A government-run website is the digital age equivalent of the failure of government to run factories and farms in the 1920s and 1930s. Every despot of the time figured that it was easy enough to assemble the right resources and make it all happen. Vladimir Lenin didn’t really think it was a problem at all: just make everything run like the post office! So it was with healthcare.gov: “just make a website so that people can sign up!”

Healthcare.gov has become a costly symbol of a wider system failure.

Under socialism, it was true then that with enough force and money, even Soviets could produce trucks, grain, and bombs. But every economic decision involving physical resources and time requires trade offs: if you do this, you are not doing that. The real question is at what cost? Lenin made some progress in electrification even while major parts of the newly socialized Russia was experiencing famine and mass death due to starvation.

In the same way, healthcare.gov can and probably will be fixed but will the program itself achieve its aims? The ACA promised to retain existing health-insurance coverage and then expand it. Upon implementation, the ACA immediately reduced it and dramatically by forcing many individually provided health-care plans to be dropped.

There were several reasons. In many cases, mandated coverage of new ailments made continued service economically unfeasible. in other cases, existing plans were suddenly outside the law. For example, the government said plans must cover outpatient care, emergency room, lab tests, hospitalization, maternity, preventative services, pediatric services, prescription drugs, and much more. If the plan didn’t, the plan was essentially declared illegal and hence had to be cancelled.

In other words, the companies who dropped millions from the rolls were merely complying with the law. They were obeying government dictat. That few people expected this to happen reveals the true nature of government planning. They cannot and will not account for all contingencies.

Then came the doubling, in some cases tripling, of premiums of many individual plans because of the requirement that insurers can take no account of pre-existing conditions–which is a bit like a requiring that auto insurers cover drunk drivers in training for Nascar.

It is very easy after the fact to look at any government failure and point to all the reasons why the failures should have been anticipated and thereby prevented. But remember that this is knowledged gained after the fact. Before the trial there are a million possible contingencies and it is not possible for anyone to prepare for them all. That’s why markets specialize in embedding trial-and-error as feature of the system itself. A market system learns over time, copying success and avoiding failure. Governments are terrible at this. They build, release, and forget about it.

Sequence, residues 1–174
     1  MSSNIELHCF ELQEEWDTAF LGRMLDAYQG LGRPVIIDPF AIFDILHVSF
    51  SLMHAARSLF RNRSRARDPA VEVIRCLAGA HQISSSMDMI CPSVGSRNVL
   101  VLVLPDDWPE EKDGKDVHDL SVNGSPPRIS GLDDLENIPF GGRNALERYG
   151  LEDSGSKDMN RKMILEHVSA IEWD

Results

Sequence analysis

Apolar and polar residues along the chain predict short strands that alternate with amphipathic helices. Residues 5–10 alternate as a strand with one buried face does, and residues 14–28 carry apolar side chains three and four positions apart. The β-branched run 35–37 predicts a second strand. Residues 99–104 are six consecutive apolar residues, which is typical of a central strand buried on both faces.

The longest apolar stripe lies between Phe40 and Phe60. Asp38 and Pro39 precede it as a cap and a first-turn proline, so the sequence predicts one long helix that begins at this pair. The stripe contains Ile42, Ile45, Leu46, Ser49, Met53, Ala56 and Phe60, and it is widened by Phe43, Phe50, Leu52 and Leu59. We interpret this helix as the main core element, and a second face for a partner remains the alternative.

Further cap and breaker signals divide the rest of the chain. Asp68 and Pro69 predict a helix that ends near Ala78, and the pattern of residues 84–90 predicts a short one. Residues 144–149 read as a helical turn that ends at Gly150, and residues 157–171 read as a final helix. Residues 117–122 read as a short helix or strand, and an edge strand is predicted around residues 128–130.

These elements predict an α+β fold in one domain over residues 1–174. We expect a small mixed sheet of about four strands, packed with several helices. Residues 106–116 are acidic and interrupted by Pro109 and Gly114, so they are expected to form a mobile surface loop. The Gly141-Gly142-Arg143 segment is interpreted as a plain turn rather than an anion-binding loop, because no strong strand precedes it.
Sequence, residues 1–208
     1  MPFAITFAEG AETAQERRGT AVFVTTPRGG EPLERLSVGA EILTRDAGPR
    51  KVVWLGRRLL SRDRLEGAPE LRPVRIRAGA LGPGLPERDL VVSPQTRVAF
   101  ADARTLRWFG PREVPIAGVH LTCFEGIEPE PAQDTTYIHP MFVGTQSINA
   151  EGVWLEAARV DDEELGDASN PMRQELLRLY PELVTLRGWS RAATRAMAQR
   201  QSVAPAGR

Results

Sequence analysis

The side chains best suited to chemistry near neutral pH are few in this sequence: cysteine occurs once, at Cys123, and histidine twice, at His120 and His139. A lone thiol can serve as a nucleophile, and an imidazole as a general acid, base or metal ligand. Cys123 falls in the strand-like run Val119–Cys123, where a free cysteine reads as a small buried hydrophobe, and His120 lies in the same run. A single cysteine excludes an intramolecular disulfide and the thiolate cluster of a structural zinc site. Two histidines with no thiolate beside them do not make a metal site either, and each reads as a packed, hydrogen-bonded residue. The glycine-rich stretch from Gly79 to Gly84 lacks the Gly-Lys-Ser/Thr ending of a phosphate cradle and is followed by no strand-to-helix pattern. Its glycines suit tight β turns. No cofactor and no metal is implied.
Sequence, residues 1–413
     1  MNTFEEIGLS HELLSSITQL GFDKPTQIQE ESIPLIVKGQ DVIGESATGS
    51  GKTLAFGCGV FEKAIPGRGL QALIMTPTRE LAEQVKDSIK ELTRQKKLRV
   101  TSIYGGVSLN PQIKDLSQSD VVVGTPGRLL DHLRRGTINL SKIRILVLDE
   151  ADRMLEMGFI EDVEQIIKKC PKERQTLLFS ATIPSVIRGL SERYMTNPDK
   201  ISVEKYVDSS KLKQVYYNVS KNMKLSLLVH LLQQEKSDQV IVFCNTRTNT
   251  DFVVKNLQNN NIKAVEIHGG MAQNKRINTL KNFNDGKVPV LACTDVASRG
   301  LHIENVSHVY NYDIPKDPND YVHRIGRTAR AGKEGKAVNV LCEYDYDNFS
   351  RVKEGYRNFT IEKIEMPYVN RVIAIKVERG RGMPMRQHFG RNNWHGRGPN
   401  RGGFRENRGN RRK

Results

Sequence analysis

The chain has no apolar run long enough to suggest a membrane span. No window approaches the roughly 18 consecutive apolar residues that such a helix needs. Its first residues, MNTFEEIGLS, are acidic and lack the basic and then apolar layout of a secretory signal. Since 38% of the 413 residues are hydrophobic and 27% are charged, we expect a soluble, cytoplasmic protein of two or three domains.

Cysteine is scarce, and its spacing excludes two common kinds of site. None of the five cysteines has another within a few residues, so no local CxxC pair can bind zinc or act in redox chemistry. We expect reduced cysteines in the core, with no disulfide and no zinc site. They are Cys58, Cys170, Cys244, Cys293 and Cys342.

After the disaster took place, some politicians immediately responded by saying: make it illegal to stop dropping coverage. This is piling error on error. It amounts to a form of nationalization of semi-cartelized companies — another step away from the market and toward total health-care socialism.

Politicians from the other side proposed that the law be changed to say that whatever plans existed before the calamity should just be made legal again. That sounds fine but for one thing: this only increases the uncertainty of what legislation permits or disallows. Insurers are there to make money and they do this through long-term customer relationships. Endless legislative jockeying do not inspire the confidence needed to make business work.

The system was broken before and now it is broken beyond repair. Daily we read reports of doctors, consumers, and institutions just bailing out completely. Business that take people abroad for high-quality, low-cost health care are suddenly booming. It seems that everyone is looking for a way out of the official system. This is the only promising development to emerge from the great healthcare disaster of 2013. If a new and independent sector emerges despite every attempt by government to stop it, the irony is that there will be a good basis for optimism about the future.

Government can’t and won’t fix healthcare. Only the private sector can do that. The full solution, then, will require complete secession from every plan put out by every politician, every political party, and every national commission of experts purporting to know better than the market order.

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Free the People publishes opinion-based articles from contributing writers. The opinions and ideas expressed do not always reflect the opinions and ideas that Free the People endorses. We believe in free speech, and in providing a platform for open dialog. Feel free to leave a comment!

Jeffrey A. Tucker

Jeffrey A. Tucker is Founder and President of the Brownstone Institute. He is also Senior Economics Columnist for Epoch Times, author of 10 books, including Liberty or Lockdown, and thousands of articles in the scholarly and popular press. He speaks widely on topics of economics, technology, social philosophy, and culture.